Chapter Seven Slow Vicous Flow

7.1 Introduction

7.2 Stokes Flows

7.3 Two-Dimensional Flows

7.4 Three-Dimensional Stokes Flows

7.5 Criticism of Stokes's Solution

7.6 The Oseen Equations

7.7 Three-Dimensional Oseen Flows



Chapter Eight Unsteady Flows, Stability, and Turbulence

8.1 Introduction

Part I Unsteady Flows

8.2 Simple Examples

8.3 Boundary Layer Flows with Outer Fluctuating Velocity (High Frequency)

Part II Instability of Boundary Layer Flows

8.4 The Energy Equation for Disturbances in Parallel Flows

8.5 Stability of Parallel Flows

8.6 Stability of the Schlichting Jet

8.7 General Method of Solution in Inviscid Case

8.8 Stability at Finite Reynolds Numbers

8.9 Transition to Turbulent Flows

Part III Turbulent Flows

8.10 The Equations of Mean Flow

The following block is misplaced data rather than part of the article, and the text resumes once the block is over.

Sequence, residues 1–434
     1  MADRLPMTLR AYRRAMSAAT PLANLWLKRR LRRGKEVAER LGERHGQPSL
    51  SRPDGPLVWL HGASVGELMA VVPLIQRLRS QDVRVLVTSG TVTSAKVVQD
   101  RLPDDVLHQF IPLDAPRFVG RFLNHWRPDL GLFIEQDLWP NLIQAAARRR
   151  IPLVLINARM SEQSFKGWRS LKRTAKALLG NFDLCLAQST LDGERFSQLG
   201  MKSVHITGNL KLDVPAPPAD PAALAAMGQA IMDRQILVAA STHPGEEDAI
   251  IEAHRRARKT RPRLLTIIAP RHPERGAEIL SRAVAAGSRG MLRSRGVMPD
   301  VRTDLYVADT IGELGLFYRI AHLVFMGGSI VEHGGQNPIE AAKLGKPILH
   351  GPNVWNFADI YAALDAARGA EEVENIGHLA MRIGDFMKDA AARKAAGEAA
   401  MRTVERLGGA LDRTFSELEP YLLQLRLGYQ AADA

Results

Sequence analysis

8.11 Turbulent Boundary Layers

8.12 The Momentum Balance Equation

8.13 The Turbulent Jet

8.14 Flows Involving Solid Boundaries

8.15 Boundary Layer Flow along a Flat Plate

8.16 Summary

Part IV Structure of Turbulence

8.17 The Microstructure of Turbulent Flow

8.18 The Velocity Correlation

8.19 Spectrum of Turbulence

8.20 Nonisotropic Turbulence



Chapter Nine Compressible Fluid Flow

9.1 Thermodynamics and Fluid Flow

9.2 Speed of Propagation of Sound Waves

9.3 One-Dimensional Compressible Flow

9.4 Basic Equations of Flow

9.5 Normal Shock Relations for a Perfect Gas

9.6 The Propagating Wave